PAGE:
Recently The New Yorker wrote an article on the demise of physical comedy and the rise of verbal comedy. It’s an interesting notion, given that once comedy was nothing but slapstick with nearly no words. These days,it seems an audience is far more interested than a witty remark or snarky comeback. These old slapstick films took months and months to get every stunt just right, yet, these days Hollywood’s top writers seem to just rip out scripts like a production line. So I ask you, is physical comedy dead or can it be revived?
Chris Farley began to restore the physical side before sadly leaving us much sooner than he ever should have. Perhaps Adam Sandler or Chevy Chase had a touch of physical comedy earlier in their careers but they certainly have fallen into the more popular route of quick jokes at that is today’s comedy. Who else is there? I’m sure there are more “physical comedy stars” but lets be honest, no one quickly comes to mind.
It seems the transformation from slapstick-filled silent films to movies with nothing but witty and clever remarks is complete, but is physical comedy dead or will it be back? Will we ever see another Buster Keaton or Charlie Chaplin? Both nearly completely silent in their films yet still legends in the rise of comedy, or are we to remain in a world of Vince Vaughns?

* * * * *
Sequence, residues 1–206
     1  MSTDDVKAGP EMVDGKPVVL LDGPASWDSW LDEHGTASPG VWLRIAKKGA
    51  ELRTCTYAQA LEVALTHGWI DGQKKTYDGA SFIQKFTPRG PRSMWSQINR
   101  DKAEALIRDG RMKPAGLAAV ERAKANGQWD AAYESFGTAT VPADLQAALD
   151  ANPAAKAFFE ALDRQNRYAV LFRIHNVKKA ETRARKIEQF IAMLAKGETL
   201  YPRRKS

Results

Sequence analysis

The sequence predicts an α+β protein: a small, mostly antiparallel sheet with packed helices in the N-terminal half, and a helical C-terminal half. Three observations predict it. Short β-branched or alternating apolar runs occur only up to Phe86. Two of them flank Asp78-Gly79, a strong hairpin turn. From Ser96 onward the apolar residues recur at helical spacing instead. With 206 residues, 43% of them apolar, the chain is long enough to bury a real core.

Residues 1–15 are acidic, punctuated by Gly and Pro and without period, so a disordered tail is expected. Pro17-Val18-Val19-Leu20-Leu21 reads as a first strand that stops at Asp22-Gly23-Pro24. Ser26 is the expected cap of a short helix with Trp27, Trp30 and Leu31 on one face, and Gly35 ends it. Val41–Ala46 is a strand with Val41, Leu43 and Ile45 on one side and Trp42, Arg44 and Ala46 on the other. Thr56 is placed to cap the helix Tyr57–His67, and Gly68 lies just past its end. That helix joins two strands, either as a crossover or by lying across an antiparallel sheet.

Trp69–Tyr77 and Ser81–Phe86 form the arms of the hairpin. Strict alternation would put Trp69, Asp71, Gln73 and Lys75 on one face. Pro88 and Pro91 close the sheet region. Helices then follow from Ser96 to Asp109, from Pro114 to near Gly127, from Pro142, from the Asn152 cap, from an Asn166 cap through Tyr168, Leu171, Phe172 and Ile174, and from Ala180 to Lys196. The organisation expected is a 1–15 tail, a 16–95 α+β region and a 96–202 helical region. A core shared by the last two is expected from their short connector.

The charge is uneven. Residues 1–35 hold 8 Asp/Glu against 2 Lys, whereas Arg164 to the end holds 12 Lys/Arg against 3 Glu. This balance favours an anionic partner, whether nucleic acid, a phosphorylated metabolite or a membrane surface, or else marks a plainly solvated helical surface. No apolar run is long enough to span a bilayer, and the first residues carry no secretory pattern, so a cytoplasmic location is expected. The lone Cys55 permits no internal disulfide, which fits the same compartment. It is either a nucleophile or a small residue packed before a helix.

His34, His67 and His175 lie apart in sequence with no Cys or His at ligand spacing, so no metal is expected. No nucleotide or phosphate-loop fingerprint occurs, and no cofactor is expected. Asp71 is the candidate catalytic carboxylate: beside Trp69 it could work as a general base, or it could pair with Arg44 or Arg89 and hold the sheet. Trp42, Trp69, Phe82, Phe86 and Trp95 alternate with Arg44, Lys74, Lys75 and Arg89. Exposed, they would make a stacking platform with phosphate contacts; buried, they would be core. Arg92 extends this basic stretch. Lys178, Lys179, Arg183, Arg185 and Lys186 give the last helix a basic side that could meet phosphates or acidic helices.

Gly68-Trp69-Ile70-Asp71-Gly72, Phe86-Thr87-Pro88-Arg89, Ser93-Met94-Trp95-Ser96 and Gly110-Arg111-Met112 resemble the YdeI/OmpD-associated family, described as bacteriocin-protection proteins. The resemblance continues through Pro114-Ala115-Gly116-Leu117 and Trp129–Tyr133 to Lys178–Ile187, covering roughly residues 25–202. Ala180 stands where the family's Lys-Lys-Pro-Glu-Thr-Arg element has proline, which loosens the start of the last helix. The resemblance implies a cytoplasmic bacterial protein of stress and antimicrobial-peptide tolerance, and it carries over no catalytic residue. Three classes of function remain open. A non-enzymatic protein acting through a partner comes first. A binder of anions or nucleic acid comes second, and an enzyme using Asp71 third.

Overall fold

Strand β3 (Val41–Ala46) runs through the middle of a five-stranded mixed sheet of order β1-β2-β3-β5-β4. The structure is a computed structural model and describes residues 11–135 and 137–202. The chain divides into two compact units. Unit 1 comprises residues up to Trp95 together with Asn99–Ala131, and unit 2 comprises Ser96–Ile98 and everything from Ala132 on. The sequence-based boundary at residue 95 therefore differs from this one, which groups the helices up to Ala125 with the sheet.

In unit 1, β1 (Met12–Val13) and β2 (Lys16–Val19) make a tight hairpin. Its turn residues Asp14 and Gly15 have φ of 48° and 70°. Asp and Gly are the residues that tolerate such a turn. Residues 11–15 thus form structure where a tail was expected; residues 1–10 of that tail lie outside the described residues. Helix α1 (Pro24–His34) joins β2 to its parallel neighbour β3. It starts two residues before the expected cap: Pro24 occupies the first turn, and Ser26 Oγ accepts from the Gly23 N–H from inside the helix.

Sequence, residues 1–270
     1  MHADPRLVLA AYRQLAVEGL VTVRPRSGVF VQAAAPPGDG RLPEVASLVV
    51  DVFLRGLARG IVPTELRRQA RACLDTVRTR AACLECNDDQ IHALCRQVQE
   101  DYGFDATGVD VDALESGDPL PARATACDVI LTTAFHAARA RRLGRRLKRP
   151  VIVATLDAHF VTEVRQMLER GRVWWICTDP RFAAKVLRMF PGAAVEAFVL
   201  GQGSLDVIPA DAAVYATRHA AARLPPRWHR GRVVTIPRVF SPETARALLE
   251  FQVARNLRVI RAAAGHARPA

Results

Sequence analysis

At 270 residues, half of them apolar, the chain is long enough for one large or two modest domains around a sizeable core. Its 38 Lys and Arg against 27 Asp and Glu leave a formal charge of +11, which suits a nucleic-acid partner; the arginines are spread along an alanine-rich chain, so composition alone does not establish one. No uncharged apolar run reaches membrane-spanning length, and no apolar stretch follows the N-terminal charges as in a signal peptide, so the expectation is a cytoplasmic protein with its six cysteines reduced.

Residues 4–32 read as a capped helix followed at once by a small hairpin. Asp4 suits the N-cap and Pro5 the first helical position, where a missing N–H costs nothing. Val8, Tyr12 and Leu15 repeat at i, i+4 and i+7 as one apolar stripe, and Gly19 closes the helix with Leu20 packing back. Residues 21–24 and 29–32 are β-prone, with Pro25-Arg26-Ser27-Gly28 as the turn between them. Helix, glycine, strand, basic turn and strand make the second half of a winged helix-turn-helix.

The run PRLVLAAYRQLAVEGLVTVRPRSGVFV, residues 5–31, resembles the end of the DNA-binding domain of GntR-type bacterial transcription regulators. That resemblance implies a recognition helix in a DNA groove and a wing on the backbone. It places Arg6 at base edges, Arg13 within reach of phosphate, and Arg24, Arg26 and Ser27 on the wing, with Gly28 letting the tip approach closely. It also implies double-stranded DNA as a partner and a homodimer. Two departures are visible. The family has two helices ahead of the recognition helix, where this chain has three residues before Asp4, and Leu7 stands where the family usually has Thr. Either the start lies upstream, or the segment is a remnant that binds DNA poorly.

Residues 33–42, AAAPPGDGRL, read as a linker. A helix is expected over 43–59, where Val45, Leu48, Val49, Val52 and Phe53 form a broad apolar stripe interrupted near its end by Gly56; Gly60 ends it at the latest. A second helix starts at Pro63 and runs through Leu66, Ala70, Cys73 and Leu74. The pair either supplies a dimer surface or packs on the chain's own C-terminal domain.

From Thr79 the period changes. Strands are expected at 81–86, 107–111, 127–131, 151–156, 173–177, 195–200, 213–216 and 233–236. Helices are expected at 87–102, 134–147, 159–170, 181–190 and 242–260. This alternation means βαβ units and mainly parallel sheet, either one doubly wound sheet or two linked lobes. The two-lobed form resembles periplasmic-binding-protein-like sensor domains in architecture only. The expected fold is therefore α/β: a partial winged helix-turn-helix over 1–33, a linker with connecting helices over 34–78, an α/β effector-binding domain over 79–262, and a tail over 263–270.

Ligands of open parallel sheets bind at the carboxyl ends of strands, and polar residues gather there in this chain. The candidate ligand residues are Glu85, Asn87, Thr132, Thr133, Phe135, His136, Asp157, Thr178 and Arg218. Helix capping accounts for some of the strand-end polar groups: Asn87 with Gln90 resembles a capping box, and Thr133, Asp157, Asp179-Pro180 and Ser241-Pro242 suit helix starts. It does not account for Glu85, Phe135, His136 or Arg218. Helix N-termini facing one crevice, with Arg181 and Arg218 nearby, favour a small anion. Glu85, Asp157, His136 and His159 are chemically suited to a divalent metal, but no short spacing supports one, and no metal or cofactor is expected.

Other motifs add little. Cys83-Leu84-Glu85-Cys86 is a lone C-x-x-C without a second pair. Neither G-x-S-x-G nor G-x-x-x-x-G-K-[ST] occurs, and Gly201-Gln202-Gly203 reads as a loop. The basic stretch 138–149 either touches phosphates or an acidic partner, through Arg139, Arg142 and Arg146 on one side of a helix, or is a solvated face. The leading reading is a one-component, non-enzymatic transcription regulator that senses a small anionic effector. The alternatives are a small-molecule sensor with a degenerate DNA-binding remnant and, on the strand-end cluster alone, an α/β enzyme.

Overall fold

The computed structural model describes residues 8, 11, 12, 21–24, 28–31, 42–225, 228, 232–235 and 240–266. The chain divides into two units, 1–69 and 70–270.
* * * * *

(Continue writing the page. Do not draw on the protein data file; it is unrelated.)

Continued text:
So is Physical Comedy dead? The only conclusion I can come up with is not really. I mean not really because comedy works in cycles and right now the highest peak is word play. People (myself included) love Vince Vaughn and all the witty comebacks he shares in movies and that is why he’s thriving. However, someday the revolution of physical comedy will find its way back into the spotlight. Will it ever be to the level of, say Chaplin or Keaton? No. Comedy has become very reliant on word play and conversational jokes. However, another Chris Farley or Adam Sandler will come through and remind us of comedy’s more physical roots. Yes, talk is good but nothing will ever beat the original hilarious joke, someone falling down.